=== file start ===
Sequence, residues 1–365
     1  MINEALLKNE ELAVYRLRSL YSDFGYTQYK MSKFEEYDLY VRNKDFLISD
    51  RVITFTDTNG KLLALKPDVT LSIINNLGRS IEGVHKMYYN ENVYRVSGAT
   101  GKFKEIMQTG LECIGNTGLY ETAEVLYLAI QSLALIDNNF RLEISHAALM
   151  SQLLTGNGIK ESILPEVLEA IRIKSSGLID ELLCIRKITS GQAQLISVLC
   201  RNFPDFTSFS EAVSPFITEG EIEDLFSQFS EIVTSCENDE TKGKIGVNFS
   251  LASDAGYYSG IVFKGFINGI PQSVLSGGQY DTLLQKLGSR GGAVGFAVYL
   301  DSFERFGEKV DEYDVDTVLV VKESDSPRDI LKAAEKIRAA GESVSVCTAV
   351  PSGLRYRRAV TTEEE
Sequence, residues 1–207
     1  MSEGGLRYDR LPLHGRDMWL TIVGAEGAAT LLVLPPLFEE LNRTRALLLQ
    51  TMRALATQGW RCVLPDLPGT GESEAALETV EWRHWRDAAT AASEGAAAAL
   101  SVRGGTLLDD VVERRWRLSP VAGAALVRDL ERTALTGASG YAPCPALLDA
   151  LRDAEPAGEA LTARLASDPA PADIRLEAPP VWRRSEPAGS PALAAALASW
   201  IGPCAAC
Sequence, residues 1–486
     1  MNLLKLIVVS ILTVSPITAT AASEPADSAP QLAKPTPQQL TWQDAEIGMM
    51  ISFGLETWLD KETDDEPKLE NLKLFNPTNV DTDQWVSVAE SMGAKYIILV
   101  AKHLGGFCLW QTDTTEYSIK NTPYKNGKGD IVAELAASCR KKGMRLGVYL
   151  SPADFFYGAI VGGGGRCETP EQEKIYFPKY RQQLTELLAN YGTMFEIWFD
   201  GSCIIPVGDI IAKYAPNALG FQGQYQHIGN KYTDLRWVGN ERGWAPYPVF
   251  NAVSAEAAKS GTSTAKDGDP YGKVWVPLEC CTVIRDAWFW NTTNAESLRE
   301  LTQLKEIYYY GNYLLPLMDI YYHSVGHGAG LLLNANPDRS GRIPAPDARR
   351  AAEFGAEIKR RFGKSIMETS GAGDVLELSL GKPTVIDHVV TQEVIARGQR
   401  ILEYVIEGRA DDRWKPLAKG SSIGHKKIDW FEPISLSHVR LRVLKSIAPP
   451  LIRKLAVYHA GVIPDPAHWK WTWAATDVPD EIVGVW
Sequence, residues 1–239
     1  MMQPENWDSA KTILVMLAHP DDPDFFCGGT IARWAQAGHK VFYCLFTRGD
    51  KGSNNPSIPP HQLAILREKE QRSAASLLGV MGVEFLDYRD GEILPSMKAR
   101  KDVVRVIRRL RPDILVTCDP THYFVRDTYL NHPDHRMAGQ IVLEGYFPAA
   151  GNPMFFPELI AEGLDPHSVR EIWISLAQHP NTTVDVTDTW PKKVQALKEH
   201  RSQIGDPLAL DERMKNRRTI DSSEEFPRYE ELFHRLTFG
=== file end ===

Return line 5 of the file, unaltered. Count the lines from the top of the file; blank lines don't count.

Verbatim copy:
   151  SQLLTGNGIK ESILPEVLEA IRIKSSGLID ELLCIRKITS GQAQLISVLC